Caravans being overtaken

Submitted: Sunday, Apr 13, 2008 at 14:17
ThreadID: 56590 Views:3341 Replies:6 FollowUps:6
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Hi all,

OK, having had my post 56561 well received, I thought I'd push my luck with my suggestions on how to be overtaken by heavy vehicles when towing a caravan or heavy trailer. It's based on the advice of experienced truckies like Doug on here and Rod Hannifey.

We recommend using UHF 40 to contact the truck driver well before they catch up behind you, if possible. Something like "Good morning truck northbound. This is the Jayco caravan. Would you please give us a call when you're ready to pass" Almost always you'll get a good response.

Maintain your speed and a sensible road position. Don't slow down and cause the truck to loose any more momentum than it needs to. Don't try to pull too close to the left shoulder - you might drop off a rough shoulder and have to make a recovery - not what you want to do with potentially 115 T of Road Train close behind...

If you've made contact with the truck driver, he/she will sooner or later (remember they might well know this road much better than you do) call to say they are coming past.

Maintain your steady speed until the truck is FULLY onto the other side of the road. They, if you want to get the truck past you as soon as possible, you can lift off the throttle and wash off a little speed, but don't brake.

As the truck comes alongside your 'van/trailer, just 'take up the slack' with the throttle to keep your rig 'stretched' but don't accelerate. Maintain a sensible road position (not too far left).

When the last trailer has passed you, give a 2 or 3 second high-beam flash so the driver knows he's clear of you and can pull back in.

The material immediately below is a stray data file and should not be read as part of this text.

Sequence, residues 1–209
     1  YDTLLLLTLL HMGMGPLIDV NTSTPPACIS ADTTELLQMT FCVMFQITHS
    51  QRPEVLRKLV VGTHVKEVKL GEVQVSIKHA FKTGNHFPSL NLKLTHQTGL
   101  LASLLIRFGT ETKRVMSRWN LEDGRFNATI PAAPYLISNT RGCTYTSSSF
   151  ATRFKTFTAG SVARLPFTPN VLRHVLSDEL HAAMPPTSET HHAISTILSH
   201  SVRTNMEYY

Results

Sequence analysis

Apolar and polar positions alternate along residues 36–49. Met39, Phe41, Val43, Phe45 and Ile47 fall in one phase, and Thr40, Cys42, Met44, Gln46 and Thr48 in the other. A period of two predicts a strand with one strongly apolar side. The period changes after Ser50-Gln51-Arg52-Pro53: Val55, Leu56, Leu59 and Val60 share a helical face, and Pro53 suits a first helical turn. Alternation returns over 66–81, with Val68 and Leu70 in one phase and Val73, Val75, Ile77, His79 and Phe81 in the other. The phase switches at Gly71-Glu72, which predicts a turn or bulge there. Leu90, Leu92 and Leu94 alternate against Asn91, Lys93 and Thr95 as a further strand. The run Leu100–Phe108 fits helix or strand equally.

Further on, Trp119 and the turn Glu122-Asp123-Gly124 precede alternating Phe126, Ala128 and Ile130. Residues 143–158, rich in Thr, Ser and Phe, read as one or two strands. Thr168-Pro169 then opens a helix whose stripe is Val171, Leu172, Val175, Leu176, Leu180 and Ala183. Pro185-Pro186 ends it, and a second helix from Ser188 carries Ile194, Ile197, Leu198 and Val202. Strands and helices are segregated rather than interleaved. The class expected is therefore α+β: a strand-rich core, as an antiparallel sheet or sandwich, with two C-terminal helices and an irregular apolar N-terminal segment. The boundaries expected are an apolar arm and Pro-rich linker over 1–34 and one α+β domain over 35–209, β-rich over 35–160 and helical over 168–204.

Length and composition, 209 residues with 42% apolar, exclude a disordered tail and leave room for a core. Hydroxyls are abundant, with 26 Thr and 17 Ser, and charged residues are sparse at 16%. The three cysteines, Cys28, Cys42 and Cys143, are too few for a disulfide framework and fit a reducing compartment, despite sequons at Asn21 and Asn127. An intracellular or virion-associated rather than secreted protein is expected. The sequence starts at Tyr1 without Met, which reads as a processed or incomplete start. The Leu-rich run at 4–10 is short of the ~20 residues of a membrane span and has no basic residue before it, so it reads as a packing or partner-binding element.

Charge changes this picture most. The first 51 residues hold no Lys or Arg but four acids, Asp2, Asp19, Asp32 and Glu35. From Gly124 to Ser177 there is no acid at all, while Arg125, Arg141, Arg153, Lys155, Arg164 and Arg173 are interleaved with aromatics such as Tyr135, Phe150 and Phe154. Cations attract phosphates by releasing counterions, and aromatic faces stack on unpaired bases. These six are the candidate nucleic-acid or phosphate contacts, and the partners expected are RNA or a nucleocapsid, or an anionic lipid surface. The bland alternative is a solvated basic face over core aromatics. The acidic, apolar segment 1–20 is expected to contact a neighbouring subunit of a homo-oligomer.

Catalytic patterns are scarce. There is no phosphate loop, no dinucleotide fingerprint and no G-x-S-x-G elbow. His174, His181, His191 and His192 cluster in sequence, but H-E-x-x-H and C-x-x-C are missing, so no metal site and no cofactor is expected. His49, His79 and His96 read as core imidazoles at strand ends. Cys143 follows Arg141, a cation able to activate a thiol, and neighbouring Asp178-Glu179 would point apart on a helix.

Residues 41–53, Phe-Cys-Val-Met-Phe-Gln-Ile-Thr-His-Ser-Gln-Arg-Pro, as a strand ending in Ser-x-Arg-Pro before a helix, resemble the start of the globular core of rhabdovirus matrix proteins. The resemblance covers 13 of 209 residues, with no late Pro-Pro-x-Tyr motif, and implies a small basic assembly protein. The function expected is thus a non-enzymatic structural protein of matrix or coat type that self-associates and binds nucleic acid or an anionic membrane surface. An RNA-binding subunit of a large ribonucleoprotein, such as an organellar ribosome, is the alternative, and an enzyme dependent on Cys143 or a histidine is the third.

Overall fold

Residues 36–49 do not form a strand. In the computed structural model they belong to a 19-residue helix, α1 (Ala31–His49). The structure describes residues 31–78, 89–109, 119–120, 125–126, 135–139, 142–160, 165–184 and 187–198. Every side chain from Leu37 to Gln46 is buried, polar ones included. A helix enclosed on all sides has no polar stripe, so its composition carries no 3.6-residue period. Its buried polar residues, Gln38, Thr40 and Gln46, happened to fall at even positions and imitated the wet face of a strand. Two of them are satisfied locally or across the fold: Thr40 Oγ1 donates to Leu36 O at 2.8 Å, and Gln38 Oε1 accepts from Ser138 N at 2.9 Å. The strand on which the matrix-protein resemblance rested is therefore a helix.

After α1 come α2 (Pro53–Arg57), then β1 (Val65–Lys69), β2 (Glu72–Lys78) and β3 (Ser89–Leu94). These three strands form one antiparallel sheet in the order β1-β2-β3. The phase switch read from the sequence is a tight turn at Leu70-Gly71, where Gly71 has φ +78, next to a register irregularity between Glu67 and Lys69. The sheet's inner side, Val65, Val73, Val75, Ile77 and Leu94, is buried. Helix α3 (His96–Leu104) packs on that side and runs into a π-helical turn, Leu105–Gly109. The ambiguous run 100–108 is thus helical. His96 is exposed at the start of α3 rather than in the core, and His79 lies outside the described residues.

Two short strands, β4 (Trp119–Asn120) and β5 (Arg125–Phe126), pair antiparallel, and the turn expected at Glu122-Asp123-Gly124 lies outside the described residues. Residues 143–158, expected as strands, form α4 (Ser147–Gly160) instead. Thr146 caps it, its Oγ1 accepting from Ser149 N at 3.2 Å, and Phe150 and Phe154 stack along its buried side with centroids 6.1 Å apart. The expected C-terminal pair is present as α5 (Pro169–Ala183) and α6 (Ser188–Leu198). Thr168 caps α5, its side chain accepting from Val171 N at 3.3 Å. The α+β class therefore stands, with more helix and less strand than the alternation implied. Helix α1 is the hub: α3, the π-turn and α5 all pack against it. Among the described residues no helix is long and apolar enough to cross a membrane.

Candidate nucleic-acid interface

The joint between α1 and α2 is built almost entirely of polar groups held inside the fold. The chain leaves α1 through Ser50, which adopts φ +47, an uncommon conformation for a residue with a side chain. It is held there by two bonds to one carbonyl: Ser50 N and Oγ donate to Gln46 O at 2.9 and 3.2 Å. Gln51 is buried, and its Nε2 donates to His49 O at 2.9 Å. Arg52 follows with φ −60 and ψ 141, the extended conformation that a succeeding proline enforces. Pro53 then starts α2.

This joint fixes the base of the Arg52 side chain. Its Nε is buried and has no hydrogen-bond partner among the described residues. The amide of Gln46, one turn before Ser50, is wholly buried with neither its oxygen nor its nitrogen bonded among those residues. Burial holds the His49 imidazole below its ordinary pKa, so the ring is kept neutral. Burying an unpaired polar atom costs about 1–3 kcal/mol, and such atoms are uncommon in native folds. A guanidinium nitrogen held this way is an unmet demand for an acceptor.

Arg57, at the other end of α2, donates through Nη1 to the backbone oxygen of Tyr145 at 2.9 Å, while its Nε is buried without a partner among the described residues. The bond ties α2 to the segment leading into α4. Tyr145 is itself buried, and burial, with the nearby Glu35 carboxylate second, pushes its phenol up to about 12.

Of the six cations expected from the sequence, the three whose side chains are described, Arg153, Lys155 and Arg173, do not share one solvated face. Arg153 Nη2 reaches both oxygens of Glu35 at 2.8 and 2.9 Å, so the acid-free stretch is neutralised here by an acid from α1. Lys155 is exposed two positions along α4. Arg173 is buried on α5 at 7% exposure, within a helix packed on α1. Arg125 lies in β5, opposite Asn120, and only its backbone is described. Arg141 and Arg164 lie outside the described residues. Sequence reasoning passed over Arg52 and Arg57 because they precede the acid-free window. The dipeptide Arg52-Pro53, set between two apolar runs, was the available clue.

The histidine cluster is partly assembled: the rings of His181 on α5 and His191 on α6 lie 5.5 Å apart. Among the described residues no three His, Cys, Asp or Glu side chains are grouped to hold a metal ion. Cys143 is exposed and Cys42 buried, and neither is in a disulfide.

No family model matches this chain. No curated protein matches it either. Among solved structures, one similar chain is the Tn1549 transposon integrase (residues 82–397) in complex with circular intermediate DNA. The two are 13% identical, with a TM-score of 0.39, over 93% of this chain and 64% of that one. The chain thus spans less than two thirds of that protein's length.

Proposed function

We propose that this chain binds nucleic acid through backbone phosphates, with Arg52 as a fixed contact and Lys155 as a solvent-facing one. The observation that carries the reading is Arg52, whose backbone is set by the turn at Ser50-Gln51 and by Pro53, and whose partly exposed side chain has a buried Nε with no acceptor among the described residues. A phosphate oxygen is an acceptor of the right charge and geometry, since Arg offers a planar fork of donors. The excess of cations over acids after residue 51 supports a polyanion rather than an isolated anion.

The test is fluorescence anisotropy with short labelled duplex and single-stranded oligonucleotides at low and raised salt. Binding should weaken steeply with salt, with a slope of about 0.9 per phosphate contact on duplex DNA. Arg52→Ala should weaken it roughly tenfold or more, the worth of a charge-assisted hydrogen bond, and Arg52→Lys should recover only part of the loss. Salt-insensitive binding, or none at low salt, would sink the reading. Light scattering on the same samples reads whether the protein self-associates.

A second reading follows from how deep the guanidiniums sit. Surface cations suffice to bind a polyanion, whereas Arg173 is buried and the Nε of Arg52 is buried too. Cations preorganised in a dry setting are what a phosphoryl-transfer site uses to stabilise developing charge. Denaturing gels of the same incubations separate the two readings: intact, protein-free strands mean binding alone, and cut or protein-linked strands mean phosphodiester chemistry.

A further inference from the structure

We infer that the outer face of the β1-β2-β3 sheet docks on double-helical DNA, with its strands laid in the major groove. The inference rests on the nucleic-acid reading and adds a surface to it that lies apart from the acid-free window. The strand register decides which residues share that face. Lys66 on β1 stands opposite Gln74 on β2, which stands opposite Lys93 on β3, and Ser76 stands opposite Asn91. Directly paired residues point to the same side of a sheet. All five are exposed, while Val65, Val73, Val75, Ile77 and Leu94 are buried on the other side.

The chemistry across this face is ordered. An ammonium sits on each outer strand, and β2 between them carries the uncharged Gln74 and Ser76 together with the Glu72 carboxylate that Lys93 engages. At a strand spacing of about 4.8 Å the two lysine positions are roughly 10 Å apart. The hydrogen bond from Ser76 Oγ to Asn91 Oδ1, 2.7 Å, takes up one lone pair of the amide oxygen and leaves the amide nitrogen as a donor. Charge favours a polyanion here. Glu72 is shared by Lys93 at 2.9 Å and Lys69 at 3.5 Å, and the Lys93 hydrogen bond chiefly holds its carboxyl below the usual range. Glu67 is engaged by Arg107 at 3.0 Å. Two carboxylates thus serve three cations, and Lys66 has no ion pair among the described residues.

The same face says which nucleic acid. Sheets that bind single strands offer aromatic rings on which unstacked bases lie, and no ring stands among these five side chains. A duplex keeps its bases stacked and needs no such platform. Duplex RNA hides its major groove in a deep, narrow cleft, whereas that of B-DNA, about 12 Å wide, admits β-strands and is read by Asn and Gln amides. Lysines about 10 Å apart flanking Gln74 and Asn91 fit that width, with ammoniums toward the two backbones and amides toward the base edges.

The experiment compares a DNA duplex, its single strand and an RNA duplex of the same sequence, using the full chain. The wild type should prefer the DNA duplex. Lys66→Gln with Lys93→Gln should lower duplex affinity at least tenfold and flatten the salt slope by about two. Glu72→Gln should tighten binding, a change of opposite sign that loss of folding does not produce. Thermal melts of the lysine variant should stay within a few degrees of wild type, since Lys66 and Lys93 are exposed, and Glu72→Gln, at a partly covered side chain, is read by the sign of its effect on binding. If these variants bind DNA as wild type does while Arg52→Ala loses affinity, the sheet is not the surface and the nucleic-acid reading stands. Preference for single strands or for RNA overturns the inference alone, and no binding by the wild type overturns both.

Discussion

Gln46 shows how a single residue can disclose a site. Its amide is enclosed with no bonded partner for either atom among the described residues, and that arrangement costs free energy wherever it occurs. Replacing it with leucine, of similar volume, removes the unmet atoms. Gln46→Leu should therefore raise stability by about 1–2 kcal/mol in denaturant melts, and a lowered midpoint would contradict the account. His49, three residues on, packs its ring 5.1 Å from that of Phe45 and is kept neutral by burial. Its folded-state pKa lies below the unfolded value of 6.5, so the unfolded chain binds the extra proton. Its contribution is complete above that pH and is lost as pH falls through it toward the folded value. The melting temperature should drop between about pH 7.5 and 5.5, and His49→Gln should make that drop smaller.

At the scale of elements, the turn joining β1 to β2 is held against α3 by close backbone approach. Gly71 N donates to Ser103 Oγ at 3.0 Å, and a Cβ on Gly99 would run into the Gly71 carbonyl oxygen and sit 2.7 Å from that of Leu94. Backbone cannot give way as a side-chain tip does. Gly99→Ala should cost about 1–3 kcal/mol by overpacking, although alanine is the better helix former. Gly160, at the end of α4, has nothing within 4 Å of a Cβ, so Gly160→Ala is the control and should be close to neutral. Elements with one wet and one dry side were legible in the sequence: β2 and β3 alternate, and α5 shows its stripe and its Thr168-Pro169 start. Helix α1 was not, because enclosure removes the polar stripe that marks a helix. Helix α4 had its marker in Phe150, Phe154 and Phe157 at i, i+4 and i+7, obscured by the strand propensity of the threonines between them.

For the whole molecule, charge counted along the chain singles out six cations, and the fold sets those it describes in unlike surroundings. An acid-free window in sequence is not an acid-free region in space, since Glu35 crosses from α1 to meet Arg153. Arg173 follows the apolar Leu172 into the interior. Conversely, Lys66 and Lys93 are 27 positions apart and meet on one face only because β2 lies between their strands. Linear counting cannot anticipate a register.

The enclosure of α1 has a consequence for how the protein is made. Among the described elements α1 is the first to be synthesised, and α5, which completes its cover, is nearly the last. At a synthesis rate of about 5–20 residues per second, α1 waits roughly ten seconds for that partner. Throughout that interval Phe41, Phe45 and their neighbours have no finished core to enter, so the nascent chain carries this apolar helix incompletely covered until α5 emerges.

That technique has worked very well for us for several years now on normal two-lane highways. If you're on a single-width road, it's a bit harder. If the road has regular floodways, these are often wider sections. Tell the following truck driver you'll pull over at the next floodway of he/she gives you a little room to move. Otherwise ask them if they know of place coming up soon where you can get off the road safely.

Like passing oncoming truck on single lane roads, you and you rig will be better-off if you can get right off the road and let them stay on the bitumen.

I know the language on UHF 40 can be bit 'blue', especially in towns, but if you haven't tried it you might find it well worth your while to make contact with the truckies when next towing your caravan across this wide brown land.

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Reply By: Member - Jon W (QLD) - Sunday, Apr 13, 2008 at 15:04

Sunday, Apr 13, 2008 at 15:04
Another point. If you come across a semi, road train or wide load on a dirt road be prepared for them to suggest that you pass or overtake them on the upwind side. This has been our experience many times and it is much safer. It also pays to let a truckie know if you are not going to attempt to overtake because you are nearing a turnoff.
Jon W
AnswerID: 298271

Follow Up By: Member - Don M (NSW) - Monday, Apr 14, 2008 at 07:52

Monday, Apr 14, 2008 at 07:52
Proving my ignorance here...., but what is the "upwind side.."??

FollowupID: 564498

Follow Up By: Member - Jon W (QLD) - Monday, Apr 14, 2008 at 16:14

Monday, Apr 14, 2008 at 16:14
When there is a crosswind, it is the side from which the wind is blowing. It provides greater visibility because you are not passing or overtaking through their dust. So it may mean that you overtake them on their left or pass them by both vehicles moving to the right hand side of the road. I am not suggesting this for anything other than dirt roads. Such a move needs to be discussed over the radio well beforehand.
Jon W
FollowupID: 564553

Reply By: Bonz (Vic) - Sunday, Apr 13, 2008 at 15:14

Sunday, Apr 13, 2008 at 15:14
Thanx Ian great advice
Time is an illusion produced by the passage of history

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AnswerID: 298274

Reply By: Steve from Top End Explorer Tours - Sunday, Apr 13, 2008 at 15:17

Sunday, Apr 13, 2008 at 15:17
This is from the horses mouth, click on focus on rural drivers, then click focus on tourist, watch the clips.